SOME RESEARCH ON MECHANISM AND COUNTERMEASURE OF MICROGRAVITY-INDUCED OSTEOPOROSIS

© Lian-wenSun, XiaoYang, ChaoWang, Yu-boFan
© Государственный музей истории космонавтики им. К.Э. Циолковского, г. Калуга
Секция "К.Э. Циолковский и проблемы космической медицины и биологии"
2010 г.

Exercise has been used to counter bone loss during spaceflight. However, the existing exercise methods couldn’t fully prevent bone loss in astronauts. There are two possible causes: 1) the existing exercises are not proper for using in space. 2) The ability of bone to sense loading has changed in space. Based on these, studies as followed are mainly carrying out in our group.

1. Comparing the efficacy of active and passive exercise on countering microgravity-induced osteoporosis for finding out efficient countermeasure.

The hypothesis was provided by our groups that the absence of gravity might change the active exercise to passive motion in space in some degree. Rat tail-suspended model was used to simulate microgravity. A device has been developed by our group for training tail-suspended rat to do active or passive exercise. SD rats were randomly divided into four groups: tail-suspended (TS), TS+passive motion (TSP), TS+ active exercise (TSA) and control (CON) and were raised for 21d. Bone mineral density (BMD) was measured by DXA, trabecular microstructure by microCT and mechanical properties of femurs were measured by three-point bending test. The results showed BMD decreased significantly in TS and TSP compared with CON while there was no significant difference between TSA and CON. And the bone microstructure and mechanical properties in TSA were most similar to CON. These indicate the effect of active exercise on preventing bone loss induced by hindlimb unloading is better than that of passive motion.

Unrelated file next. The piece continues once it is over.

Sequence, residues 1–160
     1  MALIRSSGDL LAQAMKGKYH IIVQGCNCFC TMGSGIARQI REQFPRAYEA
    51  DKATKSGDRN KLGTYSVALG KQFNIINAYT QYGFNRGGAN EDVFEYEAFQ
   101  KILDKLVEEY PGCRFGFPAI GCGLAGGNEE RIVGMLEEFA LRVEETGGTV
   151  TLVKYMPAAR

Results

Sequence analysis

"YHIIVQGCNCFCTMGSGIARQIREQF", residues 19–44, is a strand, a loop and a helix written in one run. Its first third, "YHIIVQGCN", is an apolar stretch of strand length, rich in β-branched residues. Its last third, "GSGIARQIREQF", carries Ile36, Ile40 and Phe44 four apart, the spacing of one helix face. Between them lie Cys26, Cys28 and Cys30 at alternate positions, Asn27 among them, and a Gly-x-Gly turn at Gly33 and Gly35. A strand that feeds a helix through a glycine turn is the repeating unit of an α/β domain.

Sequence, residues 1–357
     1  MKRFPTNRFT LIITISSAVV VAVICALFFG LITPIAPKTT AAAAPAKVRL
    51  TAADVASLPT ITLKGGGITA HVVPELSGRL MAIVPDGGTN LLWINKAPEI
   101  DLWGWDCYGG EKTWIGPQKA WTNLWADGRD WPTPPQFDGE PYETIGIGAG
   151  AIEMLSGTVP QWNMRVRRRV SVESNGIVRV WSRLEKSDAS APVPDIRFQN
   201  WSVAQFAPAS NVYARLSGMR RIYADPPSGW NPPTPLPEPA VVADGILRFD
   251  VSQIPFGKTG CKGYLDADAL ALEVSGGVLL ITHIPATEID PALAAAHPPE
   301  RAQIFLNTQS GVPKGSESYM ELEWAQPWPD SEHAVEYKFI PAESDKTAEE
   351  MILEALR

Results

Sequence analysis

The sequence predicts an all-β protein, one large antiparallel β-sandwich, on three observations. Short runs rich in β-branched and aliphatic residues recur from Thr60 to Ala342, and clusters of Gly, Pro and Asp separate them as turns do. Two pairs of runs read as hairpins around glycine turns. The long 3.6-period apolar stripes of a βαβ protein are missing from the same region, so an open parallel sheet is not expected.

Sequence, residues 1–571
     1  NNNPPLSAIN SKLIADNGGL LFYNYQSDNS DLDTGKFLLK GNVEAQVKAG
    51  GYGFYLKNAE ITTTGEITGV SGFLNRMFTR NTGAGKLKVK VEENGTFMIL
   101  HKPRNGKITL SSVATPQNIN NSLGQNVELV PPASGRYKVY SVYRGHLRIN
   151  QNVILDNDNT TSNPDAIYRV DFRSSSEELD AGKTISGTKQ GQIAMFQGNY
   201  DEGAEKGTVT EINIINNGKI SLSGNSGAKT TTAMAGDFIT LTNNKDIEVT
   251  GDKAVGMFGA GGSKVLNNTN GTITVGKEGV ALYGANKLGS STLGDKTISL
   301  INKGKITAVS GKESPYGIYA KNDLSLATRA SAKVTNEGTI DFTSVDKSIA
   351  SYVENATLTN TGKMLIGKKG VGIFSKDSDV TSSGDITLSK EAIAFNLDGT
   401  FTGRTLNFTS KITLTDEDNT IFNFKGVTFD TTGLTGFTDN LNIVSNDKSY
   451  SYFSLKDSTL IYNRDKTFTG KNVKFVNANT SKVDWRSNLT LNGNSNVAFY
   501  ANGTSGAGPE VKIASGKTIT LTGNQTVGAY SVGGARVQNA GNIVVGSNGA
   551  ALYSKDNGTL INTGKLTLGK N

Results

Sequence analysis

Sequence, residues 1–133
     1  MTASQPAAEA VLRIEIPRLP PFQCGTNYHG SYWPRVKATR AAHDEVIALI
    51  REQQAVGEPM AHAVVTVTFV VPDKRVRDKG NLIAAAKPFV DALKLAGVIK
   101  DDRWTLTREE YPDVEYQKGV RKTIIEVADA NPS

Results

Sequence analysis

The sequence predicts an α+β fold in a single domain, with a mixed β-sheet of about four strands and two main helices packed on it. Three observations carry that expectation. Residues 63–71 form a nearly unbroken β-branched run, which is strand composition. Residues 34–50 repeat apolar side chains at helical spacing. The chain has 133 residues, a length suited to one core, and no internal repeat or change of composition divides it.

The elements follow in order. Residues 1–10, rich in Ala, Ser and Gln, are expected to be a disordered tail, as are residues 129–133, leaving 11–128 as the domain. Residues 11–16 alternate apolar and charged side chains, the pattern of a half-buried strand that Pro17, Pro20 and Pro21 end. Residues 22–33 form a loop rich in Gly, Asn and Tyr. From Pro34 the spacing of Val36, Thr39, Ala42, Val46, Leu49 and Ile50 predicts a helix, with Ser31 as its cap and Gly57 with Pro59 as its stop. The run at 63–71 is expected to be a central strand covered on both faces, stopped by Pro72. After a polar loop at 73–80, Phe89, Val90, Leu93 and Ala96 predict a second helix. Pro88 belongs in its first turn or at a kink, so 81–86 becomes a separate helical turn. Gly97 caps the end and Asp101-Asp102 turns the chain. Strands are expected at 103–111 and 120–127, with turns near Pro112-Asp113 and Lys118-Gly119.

2. Investigating the mechanosensibility of osteocytes under simulated microgravity for understanding mechanism of microgravity-induced osteoporosis.

Most researches previously showed that osteocytes as mechanosensors would response to the mechanical stimulation and regulate the function of other effector cells. However, whether the mechanical sensitivity of osteocytes changes in microgravity is not well understood. Cell rotary culture was used to simulated microgravity. An osteocyte-like cell line, MLO-Y4, was cultured in rotation and then was sheared by fluid in flow chamber. At 5, 10, 15, 20, 30 and 40min, nitric oxide (NO) and prostaglandin E2 (PGE2) were measured by Griess Reagent and ELISA respectively. In addition, alkaline phosphatase (ALP) and osteocalcin (BGP) were measured after 6h shear stress by PNPP and ELISA respectively. The results showed that: (1) Exposing to shear stress, the peak of NO was retarded both in control and rotary cells while the increase extend was smaller in rotary cells than that in control. Meanwhile, the peak of PGE2 appeared in rotary cells later than that in control. (2) Exposing to shear stress, ALP increased both in rotary and control group while the increase extend was smaller in rotary cells than that in control. BGP decreased both in rotary and control group while the decrease extend was smaller in rotary cells than in control. All these indicated the mechanosensibility of osteocytes changed under simulated microgravity.